Lives changed, times six

By Jessica Brodie

We’ve tried hard to raise our kids in the Lord, and when I signed our entire family up for Salkehatchie Summer Service this year, I expected the experience would awaken a heart for missions in some of them.

But I wasn’t expecting the personal, intimate awakening it had for them. That, well … that was something else entirely.

“My whole life, I’ve been praying to God, but now I’m praying to God,” one of them shared on the drive home as we reflected.

“Every devotion was like it was handpicked just for me—exactly what I’d been praying about,” another shared.

“These people were praying and praying someone would come along and help them. We got to be their answered prayer,” shared a third.

Their responses staggered me.

As editor of the Advocate, I’ve wanted to go to Salkehatchie since I learned about it 13 years ago, but the demands of young children always prevented it. My husband was blessed to grow up in South Carolina, and he was raised going to Salkehatchie since age 14, and I always said when our kids were old enough we’d sign up.

This year, that finally happened. Our youngest turned 14, and so the six of us—me, my husband, and our four teens aged 14, 15, 16 and 17—said “yes.”

Yes, in this heat. Yes, on a roof. Yes, despite shifting jobs and time off work and challenges on how to board our dog and who’d feed our cats all week. Yes to it all.

Two of our kids are decidedly not adventurous, frightened of spiders and leery of bugs in general. One was chastised for missing football training. One struggles with major mental health issues and migraines. And me? Well, let’s just say I’m not 16 anymore. It’s been awhile since I’ve gotten on a roof.

Still, we persisted, and the six of us rolled up to the Santee Camp in Manning July 8 with enough hand tools to stock a small hardware shop.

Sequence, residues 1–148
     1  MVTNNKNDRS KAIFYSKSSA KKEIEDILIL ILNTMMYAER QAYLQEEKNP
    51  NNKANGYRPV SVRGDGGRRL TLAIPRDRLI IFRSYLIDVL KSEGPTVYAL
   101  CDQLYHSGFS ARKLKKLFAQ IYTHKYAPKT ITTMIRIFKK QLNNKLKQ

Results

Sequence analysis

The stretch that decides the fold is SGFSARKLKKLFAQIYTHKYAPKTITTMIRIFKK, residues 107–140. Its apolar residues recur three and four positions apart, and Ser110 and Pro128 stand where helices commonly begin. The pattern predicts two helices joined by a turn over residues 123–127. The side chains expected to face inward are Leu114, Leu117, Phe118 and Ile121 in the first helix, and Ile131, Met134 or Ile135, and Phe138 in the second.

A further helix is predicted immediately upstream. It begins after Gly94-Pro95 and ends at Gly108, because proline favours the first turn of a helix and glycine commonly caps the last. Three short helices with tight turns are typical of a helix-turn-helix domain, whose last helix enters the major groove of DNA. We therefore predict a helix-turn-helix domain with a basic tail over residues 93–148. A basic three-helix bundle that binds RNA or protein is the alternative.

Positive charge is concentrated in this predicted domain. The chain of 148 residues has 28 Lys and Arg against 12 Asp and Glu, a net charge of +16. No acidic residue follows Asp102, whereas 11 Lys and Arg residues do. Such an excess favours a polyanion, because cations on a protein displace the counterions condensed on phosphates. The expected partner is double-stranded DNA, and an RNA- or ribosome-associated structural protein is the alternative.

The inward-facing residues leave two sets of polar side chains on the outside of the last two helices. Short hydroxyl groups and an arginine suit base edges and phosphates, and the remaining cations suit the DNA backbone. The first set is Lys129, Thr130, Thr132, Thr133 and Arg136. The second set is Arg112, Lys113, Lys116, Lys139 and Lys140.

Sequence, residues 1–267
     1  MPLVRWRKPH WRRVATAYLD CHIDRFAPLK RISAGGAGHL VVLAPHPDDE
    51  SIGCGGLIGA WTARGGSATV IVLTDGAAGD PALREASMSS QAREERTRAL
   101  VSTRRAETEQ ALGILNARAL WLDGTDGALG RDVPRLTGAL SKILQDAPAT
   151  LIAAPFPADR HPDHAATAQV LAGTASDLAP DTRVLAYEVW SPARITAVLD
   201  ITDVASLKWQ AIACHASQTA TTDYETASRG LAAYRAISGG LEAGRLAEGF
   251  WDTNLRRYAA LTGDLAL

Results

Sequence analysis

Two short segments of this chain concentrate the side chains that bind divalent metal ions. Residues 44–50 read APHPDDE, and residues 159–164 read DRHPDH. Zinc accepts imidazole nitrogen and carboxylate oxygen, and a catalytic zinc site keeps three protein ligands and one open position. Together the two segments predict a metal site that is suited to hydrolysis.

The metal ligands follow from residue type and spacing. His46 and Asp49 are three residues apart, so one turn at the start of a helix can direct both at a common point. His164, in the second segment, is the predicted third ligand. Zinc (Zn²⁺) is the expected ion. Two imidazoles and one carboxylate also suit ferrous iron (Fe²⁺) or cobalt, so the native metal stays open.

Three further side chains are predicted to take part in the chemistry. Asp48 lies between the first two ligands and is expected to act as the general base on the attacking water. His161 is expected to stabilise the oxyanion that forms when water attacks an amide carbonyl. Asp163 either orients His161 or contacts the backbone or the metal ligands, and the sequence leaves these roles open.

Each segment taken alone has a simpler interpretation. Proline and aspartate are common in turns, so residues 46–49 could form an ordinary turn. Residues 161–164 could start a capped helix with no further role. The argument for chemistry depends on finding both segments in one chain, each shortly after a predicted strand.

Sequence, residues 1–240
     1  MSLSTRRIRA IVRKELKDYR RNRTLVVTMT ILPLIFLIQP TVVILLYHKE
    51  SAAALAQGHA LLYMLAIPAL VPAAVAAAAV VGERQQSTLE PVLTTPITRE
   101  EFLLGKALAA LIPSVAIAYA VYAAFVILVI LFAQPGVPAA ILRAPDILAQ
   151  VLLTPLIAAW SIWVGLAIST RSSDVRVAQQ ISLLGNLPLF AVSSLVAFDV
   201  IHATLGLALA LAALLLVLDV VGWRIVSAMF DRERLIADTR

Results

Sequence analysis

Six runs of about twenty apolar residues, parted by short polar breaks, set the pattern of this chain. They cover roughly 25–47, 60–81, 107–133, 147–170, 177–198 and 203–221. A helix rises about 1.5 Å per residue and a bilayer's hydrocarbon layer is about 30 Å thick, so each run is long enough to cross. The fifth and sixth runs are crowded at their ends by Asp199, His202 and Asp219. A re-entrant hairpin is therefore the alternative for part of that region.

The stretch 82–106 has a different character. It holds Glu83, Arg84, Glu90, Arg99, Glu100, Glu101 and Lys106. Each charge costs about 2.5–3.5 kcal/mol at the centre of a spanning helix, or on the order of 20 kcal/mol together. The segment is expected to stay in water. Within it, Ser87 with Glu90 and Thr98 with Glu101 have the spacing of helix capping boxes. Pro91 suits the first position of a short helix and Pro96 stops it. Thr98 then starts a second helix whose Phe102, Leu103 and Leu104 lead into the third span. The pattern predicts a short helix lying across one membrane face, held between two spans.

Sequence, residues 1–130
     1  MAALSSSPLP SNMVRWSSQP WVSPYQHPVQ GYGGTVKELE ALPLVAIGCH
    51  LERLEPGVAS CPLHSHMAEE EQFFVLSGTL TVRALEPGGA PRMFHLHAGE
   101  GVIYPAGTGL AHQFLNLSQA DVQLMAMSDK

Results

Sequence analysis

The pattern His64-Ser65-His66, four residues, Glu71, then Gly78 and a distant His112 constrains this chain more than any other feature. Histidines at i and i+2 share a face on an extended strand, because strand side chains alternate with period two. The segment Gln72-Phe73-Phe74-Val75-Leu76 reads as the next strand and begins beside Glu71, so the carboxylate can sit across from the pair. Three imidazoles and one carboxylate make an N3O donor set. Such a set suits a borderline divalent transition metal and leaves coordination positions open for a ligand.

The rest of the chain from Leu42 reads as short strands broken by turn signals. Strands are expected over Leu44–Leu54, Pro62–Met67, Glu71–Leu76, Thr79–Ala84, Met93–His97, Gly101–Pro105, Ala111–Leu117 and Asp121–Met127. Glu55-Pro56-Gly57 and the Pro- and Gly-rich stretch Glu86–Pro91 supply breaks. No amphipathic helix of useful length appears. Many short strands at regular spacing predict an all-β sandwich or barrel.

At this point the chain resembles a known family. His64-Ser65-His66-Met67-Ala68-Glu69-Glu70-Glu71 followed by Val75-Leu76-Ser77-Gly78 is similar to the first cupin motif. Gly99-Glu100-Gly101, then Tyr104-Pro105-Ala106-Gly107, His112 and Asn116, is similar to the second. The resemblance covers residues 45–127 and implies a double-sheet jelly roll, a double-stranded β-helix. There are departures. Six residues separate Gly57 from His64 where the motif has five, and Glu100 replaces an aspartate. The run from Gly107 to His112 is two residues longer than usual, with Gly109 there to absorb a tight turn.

What followed was a week that changed our lives forevermore, and one we pray we will be able to repeat year after year, eventually with our grandkids and great-grandkids.

The boys slept in one room, the girls in another, and the six of us divided among three different sites. Two did flooring and other interior work. Two reshingled a roof and built a handicap ramp for a homeowner who’d recently had a stroke. And two of us headed to “my” site, reroofing Mr. Charles’ home.

Challenges abounded all week. Unaccustomed to working in 90-degree weather on a rooftop, I was struck with a two-day migraine that had me worried I’d be of no use whatsoever. But by Thursday, I’d bounced back and learned to shingle, and on Friday, I celebrated completing a whole column of ridge caps with my new friend and co-volunteer Raeleigh—not to mention relearning how to use a nail gun. 

Even though she had to take frequent breaks, my daughter celebrated, too. Dizziness meant she couldn’t get on the roof, but she cut shingles all week and carted trash to the street. We all served as we could, and it all made a difference.

All of us enjoyed games and camaraderie and what it looks like to be a team in Christ. For that’s exactly what we were—not only a team of volunteers or a family team, but a team of Christians ready and willing to stand up and say “yes” to however God wanted to use us. Whether that meant serving as a cook or a runner, a trash-hauler or hammering shingles on a blisteringly hot roof, we said yes.

On Friday evening, the night we shared our symbols from the week, I was struck as I watched volunteers aged 14 to 70-plus stand before our group and reflect on how Christ was able to use them. I shared, my husband shared, our kids shared, and everyone else did too, laying our items one by one on the altar before we sat down.

One young woman held up a nail from her home site, and her words have remained with me all week, even as we go to press on this month’s edition.

“This nail looks small,” she said, “and alone, it’s not much.”

We can pry it up with a hammer, or a crowbar, or push it out with a shovel.

But put that one nail together with the others, and look what happens—it holds a roof together. It holds a house together.

United with all the other nails, it is strong and mighty and oh-so-capable.

Today, I reflect on what that signifies here in The United Methodist Church. Each of us reading this is one single person. On our own, we have purpose and worth, and perhaps we do some good things.

But put us together with others, all working together for one purpose, and look out, world! Look and see what we all can do together as God’s church in the mighty and powerful name of the Lord. With Christ, our impact is tremendous.

Salkehatchie is on our calendar for next year, and every one of my kids is excited about it.

So am I.

Thank you, Lord. However you need, send me.

(For more on Salkehatchie and how you can sign up or help, click here.)

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